Who gets A* in GCSE Maths? One-quarter of Chinese pupils, one percent of pupils on free school meals

Author: Ramesh Kapadia

Students taking exams.

Image by Whitecirius/Wikimedia.

TV presenter Carol Vorderman this week suggested that GCSE maths teaching should be split into two, according to pupils’ interest in the subject and how much they might actually use it in later life. "In my view” she said, “it is pointless for most 14-year-olds starting their GCSE courses to be force-fed mathematical topics which they will never use, when what they desperately need is to become more comfortable with numbers including percentages and fractions used in the world of finance."

Which raises the question: how do different pupils fare in GCSE maths exams?

Recent data shows much variation between ethnic groups in terms of GCSE attainment in mathematics, as shown by the table reproduced below. Overall, about one twentieth (5%) of pupils get an A* grade at GCSE, one sixth (16%) get A* or A, while just under three fifths (56%) of pupils get a higher grade (A*C) at GCSE mathematics. The highest performing ethnic groups by this measure are from Chinese (25%, 53%, and 88% respectively) and Indian (11%, 31%, and 76%) backgrounds. Pupils on free school meals (1%, 5%, and 35% respectively) perform much less well, which is in line with other measures. It is also of interest to note that about 8% of all pupils are not entered for GCSE mathematics, whilst only 1% of Chinese and Indian pupils are not entered.

The performance of Chinese pupils is particularly high, with a quarter of them getting A* in mathematics and almost nine tenths a higher grade, and virtually all are entered for GCSE mathematics. The reasons for this are not clear but may be similar to the reasons for their high educational achievement overall. This has been linked to high expectations amongst the Chinese community, as well as the fact that many come from Singapore or Hong Kong, where there is a culture which is strongly supportive of the value of education.

Similar reasons may apply to the achievement of Indians, who form a much larger and more diverse group than the Chinese. Indians do well, with a tenth getting grade A* and three-quarters reaching the national benchmark in mathematics.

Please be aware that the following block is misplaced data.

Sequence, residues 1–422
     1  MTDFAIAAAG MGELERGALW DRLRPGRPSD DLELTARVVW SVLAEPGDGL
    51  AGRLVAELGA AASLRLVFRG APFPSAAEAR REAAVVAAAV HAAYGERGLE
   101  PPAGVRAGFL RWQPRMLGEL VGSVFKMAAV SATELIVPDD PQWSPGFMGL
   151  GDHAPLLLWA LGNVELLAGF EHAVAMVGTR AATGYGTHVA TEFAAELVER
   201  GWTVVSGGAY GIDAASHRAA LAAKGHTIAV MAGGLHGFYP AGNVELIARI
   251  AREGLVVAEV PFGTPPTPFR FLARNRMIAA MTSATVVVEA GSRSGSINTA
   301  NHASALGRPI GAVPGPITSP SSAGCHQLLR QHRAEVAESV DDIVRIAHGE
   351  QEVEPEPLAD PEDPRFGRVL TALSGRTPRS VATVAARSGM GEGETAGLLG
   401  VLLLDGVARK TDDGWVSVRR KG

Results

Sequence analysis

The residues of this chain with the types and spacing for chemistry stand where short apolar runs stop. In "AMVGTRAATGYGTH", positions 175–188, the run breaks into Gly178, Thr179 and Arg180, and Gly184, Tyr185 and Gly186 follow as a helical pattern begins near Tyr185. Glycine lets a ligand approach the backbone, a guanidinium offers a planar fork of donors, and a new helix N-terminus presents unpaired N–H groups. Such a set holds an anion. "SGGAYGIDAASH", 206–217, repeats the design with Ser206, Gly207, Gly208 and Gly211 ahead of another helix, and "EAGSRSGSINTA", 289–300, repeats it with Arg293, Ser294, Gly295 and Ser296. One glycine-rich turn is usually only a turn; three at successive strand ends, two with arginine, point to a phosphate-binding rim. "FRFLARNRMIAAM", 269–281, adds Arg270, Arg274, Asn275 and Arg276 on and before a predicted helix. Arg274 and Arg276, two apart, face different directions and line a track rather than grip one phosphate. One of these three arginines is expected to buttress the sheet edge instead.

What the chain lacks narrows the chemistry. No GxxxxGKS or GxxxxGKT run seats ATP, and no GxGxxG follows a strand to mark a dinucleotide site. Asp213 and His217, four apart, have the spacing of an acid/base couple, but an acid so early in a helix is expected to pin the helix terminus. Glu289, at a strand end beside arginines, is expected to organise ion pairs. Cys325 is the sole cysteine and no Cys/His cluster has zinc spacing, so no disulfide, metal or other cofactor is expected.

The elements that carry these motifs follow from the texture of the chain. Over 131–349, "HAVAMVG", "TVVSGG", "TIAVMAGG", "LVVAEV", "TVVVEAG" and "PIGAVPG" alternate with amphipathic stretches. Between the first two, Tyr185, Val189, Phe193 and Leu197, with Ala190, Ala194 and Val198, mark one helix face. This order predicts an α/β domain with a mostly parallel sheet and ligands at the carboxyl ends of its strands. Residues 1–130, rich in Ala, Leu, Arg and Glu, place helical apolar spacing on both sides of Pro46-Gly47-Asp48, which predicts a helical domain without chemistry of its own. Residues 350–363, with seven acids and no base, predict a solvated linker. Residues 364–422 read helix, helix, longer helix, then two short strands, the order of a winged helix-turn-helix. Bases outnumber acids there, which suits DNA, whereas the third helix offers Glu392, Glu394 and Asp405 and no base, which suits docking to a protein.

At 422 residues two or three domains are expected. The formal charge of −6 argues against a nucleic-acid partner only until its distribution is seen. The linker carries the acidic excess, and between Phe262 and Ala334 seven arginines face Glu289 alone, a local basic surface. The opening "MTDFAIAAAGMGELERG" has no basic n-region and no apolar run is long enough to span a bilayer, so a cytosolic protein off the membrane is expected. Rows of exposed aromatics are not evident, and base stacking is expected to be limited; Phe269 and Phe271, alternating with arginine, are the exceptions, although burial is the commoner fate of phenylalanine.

In both Chinese and Indian communities, mathematics is seen as especially important.

Pupils on free school meals also do badly on this measure: only one in hundred get at least A* grade and one in twenty get A* or A in mathematics; just over a third get a higher grade.

Source: from NPD , DfE

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Ani

How is it possible to calculate my GCSE grade based on my overall average percentage?

For example, lets say that a pupil has got 80% as his average mark. now what is his GCSE grade.
Please help me crack this...

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Steve

Quote:

i would like to get A* in maths  but i don't know what percentage is that from higher paper 


I`m studying the Higher Tier GCSE Mathematics Course, sitting my Exam in June. I`ve sat a few Past Papers. The lowest score I achieved was 79%. The highest was 86%. But I want 100%. I need to work harder, but that`s just me. I want to be able to understand and read Maths at University, so being able to understand 80% of GCSE Maths is just not good enough.
 

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Nadim

According to the 2012 January higher paper, a person needs to achieve 144 marks out of 200 to receive an A*. I myself was in year 10 and was entered early and I got 131/200 which works out to be an A. There are rumours spreading around that the C grade has rose 20 marks higher but the A* seem more or less unaffected. The Exam boards tend to raise boundaries as they please however when it comes to the A*, so that they reduce the number of capable candidates in the country.

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jame

i would like to get A* in maths  but i don't know what percentage is that from higher paper 


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